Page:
Former premier laments loss of Brown
Walton Brown would have been the “guiding hand” and “stabilising force” to help lead Bermuda to independence if he had not died, according to former premier Alex Scott.
Mr Scott told The Royal Gazette that Mr Brown, who was chairman of the Committee for the Independence of Bermuda in the 1990s, never lost hope that the island would reach a point when it was ready for self-determination.
“My great regret is that I left the job undone for the next generation,” said Mr Scott, who was Progressive Labour Party premier from 2003 to 2006. “Walton is part of that next generation.”
He added: “Our greatest regret is that Walton is gone too soon. He is someone we would have needed to be a guiding hand and articulate advocate for the way forward.
“With the fortunes of Great Britain now in turmoil, Bermuda can no longer look to the UK and say, ‘there’s a stabilising force’. Walton would have been the person we would have wanted to be the spear point.”
Government backbencher and former Cabinet minister Mr Brown died suddenly at the age of 59 on Tuesday.
Mr Scott said the thread that ran though all of Mr Brown’s thinking, before and during his “outstanding political career”, was a focus on readying Bermuda for independence.
He recalled how, as a young student, Mr Brown would come home to Bermuda during the summers and visit Dame Lois Browne-Evans, then the leader of the opposition PLP, at her Front Street office.
“There was this young, handsome, but very bright and articulate student, Walton Brown, who would always make a courtesy visit to Mrs Browne-Evans and they would engage in a respectful back and forward on issues of the day. It would invariably come round to independence and sovereignty.”
Mr Scott said when Mr Brown returned to the island permanently, his interest in independence continued.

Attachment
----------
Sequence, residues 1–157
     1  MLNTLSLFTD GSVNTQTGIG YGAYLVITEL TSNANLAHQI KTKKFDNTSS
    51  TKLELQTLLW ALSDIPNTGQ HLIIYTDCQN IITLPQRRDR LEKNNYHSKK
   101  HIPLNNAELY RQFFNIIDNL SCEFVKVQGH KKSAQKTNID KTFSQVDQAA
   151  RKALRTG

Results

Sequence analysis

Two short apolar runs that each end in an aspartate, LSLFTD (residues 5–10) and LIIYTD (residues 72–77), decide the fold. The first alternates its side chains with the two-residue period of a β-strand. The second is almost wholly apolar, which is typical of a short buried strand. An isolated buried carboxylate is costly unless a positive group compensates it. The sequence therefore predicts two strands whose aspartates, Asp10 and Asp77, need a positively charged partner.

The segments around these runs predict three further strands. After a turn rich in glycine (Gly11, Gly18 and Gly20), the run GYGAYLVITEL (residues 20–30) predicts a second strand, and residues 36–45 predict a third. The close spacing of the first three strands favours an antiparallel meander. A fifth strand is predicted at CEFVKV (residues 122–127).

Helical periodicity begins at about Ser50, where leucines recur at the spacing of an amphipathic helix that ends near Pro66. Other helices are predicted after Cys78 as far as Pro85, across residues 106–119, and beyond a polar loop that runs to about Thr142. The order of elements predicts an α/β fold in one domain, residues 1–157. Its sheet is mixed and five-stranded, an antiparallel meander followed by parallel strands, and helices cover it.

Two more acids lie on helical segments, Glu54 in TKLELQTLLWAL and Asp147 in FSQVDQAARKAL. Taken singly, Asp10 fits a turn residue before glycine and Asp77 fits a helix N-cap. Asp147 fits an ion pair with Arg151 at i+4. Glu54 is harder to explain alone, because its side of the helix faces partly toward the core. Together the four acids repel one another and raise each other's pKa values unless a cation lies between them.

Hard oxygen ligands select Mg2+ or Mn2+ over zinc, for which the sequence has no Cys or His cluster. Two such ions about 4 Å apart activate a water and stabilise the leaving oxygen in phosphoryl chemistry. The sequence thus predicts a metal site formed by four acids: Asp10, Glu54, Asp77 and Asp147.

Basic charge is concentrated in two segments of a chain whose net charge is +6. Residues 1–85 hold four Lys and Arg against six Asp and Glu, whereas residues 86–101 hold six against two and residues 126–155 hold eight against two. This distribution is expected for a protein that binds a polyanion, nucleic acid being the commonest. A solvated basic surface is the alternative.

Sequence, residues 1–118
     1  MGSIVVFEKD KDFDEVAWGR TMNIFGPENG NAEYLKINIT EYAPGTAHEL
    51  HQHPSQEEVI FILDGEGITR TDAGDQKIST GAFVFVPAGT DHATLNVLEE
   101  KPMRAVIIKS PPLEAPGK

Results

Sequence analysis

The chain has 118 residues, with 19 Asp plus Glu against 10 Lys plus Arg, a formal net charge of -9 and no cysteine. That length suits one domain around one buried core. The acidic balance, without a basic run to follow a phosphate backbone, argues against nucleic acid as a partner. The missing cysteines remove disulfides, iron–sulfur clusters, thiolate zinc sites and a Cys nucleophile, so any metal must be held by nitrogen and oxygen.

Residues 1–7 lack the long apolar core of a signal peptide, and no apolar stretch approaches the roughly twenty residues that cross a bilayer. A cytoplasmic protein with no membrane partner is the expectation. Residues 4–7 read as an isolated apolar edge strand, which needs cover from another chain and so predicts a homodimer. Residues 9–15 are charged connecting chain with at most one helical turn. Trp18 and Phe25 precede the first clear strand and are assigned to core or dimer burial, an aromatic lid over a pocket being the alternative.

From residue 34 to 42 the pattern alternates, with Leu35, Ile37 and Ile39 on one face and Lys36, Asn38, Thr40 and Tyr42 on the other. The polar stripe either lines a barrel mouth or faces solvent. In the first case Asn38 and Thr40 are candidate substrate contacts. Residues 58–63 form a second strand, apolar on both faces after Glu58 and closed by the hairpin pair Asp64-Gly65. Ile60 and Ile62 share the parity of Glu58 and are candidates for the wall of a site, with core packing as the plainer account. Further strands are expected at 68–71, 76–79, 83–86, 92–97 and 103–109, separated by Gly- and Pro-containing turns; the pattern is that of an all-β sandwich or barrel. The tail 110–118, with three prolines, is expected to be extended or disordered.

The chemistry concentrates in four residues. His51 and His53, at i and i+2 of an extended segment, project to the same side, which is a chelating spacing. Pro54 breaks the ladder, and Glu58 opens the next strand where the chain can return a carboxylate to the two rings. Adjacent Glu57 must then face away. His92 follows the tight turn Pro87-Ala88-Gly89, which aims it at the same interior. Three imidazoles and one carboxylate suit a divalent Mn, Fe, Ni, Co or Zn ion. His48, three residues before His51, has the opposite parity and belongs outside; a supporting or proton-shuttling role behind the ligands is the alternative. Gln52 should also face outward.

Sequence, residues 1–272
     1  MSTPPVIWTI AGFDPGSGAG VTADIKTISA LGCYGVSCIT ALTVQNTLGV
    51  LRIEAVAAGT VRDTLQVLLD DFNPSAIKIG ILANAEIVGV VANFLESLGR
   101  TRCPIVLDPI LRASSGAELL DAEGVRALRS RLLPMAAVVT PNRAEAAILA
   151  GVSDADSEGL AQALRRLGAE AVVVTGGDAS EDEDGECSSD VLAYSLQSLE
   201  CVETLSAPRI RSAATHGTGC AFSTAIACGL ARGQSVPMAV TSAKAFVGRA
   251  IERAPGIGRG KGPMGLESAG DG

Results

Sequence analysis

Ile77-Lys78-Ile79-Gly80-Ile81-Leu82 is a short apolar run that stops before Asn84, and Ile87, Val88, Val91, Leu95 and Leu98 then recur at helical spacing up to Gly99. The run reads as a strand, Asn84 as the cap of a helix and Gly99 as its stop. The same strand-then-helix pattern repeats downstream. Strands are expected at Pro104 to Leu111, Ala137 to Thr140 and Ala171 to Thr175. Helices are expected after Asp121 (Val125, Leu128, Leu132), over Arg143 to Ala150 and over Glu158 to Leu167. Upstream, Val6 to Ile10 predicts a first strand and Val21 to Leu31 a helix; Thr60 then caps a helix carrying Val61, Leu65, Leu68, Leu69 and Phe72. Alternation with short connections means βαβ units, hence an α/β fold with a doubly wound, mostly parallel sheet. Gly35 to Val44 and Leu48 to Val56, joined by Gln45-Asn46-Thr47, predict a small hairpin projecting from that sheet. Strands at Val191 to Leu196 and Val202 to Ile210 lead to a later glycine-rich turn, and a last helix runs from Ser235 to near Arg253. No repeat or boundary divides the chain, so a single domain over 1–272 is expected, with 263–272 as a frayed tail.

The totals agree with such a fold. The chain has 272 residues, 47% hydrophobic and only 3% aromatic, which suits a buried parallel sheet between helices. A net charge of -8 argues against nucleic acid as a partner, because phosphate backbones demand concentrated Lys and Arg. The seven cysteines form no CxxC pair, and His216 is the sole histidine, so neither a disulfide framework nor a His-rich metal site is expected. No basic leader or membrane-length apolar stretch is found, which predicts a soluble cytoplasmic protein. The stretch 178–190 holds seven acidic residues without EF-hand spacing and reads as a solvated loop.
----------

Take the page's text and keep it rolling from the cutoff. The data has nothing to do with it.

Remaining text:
“It wasn’t a rhetorical approach to independence; it was a reasoned and intellectual approach. It carried echoes of the student who sat across the desk from Mrs Browne-Evans.
“Now he was putting into verbal practice and political practice, policies and issues that he didn’t just arrive at; that he had long since thought out.”
The former premier said independence, a central tenet of the PLP’s party constitution, remained a logical next step for Bermuda.
He said of Mr Brown: “He would have been a stabilising force, in that he wasn’t one who took to the podium to rabble rouse with rhetoric.
“He reasoned with his intellect and knowledge. I think Bermuda, right across the board, would have been more responsive in the days ahead if we had Walton.
“It’s not something that happens on a day; it’s a process. It’s most important that you take the country with you, as opposed to lead them over. You have to inform and educate.”
Mr Scott said the late politician’s speeches and essays on the topic would likely become highly sought after in the coming years.
“I think history might just record that was one of his most significant contributions, in that folks will recall now what he said. They’ll be looking for his speeches and his writings and probably giving them attention that, while he was with us, we didn’t cherish and value enough.”
He added: “Our party, our government and certainly Walton’s family have lost a man of tremendous integrity.
“He’s one of those folks who are qualified for the adage ‘he walked quietly, but carried a very large intellectual stake’.
“To his family, we acknowledge the loss; we mourn in empathy and sympathy.”
Mr Brown told Parliament in July that a debate on independence was crucial in the face of recent British meddling in Bermuda’s affairs.
“I know there is a lot of fear out there just to raise the topic itself, but we should have no fear of such an important issue,” he said. “We should take the bull by the horns and address the issue forthrightly.”
• MPs and senators will pay tribute to Walton Brown today at a joint session of the legislature at Veritas Place. For live coverage, visit The Royal Gazette’s website
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